You and your family are in a wee state of shock at the moment. Please give yourself and them time to come to terms with your diagnosis and what this means for all of you. May I suggest that you take a deep breath and find out as much as you can about your PPMS. Please don’t become despondent and recognise that you will come through. You will have your emotional roller-coaster to work through. - -. This forum and the folks who write on it is as I have already advised - sorry for the repetition - has always helped me when I’ve needed it. I do hope it does the same for you.

Loads hugs ((((hugs))))



Hi Mick and Anne

Thank you for your words of wisdom. You’re absolutely right, I need time to come to terms with the whole thing. I’m so worried that I’m already quite far along and in the last year everything’s starting to fail quite quickly. I’m still working and will continue as long as I can if this horrible beast slows down a bit. I was an athlete when I was younger now all I do is trip over my feet and bump into things. I could quite happily saw my right leg off as I feel it doesn’t belong to me anyway.

i know what you mean Anne about it being a relief finding out what was wrong rather than thinking I was going mad. First appointment with Neuro it was suggested that my symptoms were psychological. Actually looking forward to seeing him again lol

suppose the next few months and beyond will be a roller coaster. Glad I found this site

thanks everyone



Hi Mags,

Reading Steve, Mick and Annie’ contributions it looks like they’ve got it all covered. Here’s my contribution anyway.

The bit that stands out to me is Annie’s (it does not necessarily mean “the end”). Quite the opposite. I prefer to look at it as a new beginning.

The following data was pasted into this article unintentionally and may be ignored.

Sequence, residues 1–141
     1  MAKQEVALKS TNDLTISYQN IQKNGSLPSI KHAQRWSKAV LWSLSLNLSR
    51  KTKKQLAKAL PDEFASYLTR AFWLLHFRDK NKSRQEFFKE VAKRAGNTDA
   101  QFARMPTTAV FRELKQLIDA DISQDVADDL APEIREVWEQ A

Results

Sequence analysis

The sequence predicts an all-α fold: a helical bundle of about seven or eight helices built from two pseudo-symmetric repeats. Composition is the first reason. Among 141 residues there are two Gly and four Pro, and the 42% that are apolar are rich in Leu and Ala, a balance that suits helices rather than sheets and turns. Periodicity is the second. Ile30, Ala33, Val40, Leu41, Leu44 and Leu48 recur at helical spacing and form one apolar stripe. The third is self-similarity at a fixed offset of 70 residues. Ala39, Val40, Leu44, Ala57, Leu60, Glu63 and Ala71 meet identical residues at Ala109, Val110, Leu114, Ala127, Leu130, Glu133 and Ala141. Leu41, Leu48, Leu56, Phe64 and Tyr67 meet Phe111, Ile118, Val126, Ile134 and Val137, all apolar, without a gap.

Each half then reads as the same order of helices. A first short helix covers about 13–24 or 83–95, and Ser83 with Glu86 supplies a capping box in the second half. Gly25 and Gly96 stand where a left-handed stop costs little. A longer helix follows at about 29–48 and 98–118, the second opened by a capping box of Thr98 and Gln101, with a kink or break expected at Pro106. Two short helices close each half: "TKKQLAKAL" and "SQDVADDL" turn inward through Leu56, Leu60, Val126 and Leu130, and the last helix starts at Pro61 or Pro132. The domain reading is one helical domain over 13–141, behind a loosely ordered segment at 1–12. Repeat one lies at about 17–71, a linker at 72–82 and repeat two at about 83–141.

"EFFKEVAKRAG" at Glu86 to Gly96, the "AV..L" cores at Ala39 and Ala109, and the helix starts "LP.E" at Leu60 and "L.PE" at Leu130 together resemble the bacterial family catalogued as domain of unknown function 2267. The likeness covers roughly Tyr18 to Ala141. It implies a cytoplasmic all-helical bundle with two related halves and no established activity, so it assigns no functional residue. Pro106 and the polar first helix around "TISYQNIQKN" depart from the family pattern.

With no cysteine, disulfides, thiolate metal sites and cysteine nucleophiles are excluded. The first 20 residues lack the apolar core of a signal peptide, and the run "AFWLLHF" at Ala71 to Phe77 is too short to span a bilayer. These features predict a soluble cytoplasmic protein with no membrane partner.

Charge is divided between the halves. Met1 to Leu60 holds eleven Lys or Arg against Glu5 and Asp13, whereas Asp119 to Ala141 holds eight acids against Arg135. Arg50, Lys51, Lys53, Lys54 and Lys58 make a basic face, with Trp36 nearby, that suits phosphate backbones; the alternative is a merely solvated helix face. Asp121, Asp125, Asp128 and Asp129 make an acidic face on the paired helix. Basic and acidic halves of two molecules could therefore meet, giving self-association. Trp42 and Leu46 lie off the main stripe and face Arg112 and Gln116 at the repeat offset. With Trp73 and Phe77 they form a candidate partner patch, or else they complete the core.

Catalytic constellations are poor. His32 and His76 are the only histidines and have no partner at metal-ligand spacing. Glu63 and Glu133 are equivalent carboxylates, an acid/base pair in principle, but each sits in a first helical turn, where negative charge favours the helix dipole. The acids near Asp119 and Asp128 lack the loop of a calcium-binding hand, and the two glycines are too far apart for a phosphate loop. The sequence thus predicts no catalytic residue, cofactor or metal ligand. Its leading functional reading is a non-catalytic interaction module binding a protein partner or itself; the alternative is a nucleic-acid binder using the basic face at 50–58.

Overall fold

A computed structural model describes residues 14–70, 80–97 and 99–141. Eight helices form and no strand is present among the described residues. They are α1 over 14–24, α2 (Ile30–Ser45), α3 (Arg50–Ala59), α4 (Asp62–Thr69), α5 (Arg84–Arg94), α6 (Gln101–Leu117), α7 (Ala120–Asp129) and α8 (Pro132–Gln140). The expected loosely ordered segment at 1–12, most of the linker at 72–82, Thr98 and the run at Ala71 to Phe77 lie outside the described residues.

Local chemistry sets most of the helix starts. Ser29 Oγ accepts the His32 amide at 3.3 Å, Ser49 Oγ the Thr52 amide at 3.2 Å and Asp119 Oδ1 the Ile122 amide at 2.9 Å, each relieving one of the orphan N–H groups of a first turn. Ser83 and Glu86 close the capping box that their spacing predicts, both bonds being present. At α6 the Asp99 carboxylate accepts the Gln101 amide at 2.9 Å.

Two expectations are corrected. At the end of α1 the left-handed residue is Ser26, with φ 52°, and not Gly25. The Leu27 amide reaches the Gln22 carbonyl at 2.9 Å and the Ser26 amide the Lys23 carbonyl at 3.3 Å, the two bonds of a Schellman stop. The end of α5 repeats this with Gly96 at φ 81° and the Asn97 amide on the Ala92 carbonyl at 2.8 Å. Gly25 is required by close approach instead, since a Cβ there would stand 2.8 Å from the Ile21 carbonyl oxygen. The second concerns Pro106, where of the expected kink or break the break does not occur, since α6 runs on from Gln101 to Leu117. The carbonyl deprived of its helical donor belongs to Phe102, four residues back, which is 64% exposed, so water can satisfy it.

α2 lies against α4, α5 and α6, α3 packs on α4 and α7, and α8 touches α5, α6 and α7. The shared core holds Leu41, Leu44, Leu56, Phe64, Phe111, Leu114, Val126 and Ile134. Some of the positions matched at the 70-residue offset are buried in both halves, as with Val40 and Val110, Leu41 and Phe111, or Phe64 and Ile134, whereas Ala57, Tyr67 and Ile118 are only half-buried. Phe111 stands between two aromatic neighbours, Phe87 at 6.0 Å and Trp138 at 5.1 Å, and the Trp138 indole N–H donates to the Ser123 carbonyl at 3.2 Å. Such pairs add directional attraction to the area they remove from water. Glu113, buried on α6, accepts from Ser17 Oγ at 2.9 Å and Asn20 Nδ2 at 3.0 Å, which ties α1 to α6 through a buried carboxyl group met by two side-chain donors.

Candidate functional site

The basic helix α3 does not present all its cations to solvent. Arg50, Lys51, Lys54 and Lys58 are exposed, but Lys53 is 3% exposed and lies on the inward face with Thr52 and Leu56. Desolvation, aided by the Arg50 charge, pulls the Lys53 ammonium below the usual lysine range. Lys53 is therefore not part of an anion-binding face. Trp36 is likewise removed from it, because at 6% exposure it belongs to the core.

There’s a common thread running through a lot of the attitudes posted here that, although none of us chose this as our lifestyle, we have learned how to live with MS and adapt our choices to the disease without letting it dominate our lives.

You’ve got a head start as you’ve already recognised that you have adapted to some of your limitations over the last 11 years. You have passed the “limbo” stage and are on the road that so many of us have already taken.

One of the above left something rather important out. Trained as a musician, MS robbed the fine motor skills necessary to be able to play the piano. I have tried to imagine what it’s like to have a talent, refined over eternal hours of practise, stolen in this way. But I won’t ever understand because I only got to Grade 2 piano. Although I can still recognise courage when I meet it.

That’s all it takes.

And there are a lot of people on this forum who can help you to find the courage you’ll need for a good life. It’s just different from the one you were planning for.

See you around.




I so understand the rage with your leg, I have said many a time “If I had a chainsaw, the blooming (?) thing is coming off”

I was given a pearl of wisdom by an MS nurse during a fatigue management course… Do not waste valuable energy on anger and rage. They are perfectly reasonable feelings, and I still have the odd incandescent moment. We need to budget our energy really carefully and anger is not important or useful enough to qualify. They tried to teach us that our condition is what it is, you can’t do much about it but if you manage your reflex response you might have some energy for the more important stuff.

Much easier to say than do but it made a big difference to me. My wife also appreciates the reduction in my bad language.

Good luck



hello, Kenzie.